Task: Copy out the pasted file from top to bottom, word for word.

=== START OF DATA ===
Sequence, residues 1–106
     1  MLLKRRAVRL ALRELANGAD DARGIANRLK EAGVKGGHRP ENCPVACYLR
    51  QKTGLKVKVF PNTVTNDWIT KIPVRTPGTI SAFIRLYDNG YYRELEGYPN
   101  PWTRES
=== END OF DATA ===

Sequence, residues 1–106
     1  MLLKRRAVRL ALRELANGAD DARGIANRLK EAGVKGGHRP ENCPVACYLR
    51  QKTGLKVKVF PNTVTNDWIT KIPVRTPGTI SAFIRLYDNG YYRELEGYPN
   101  PWTRES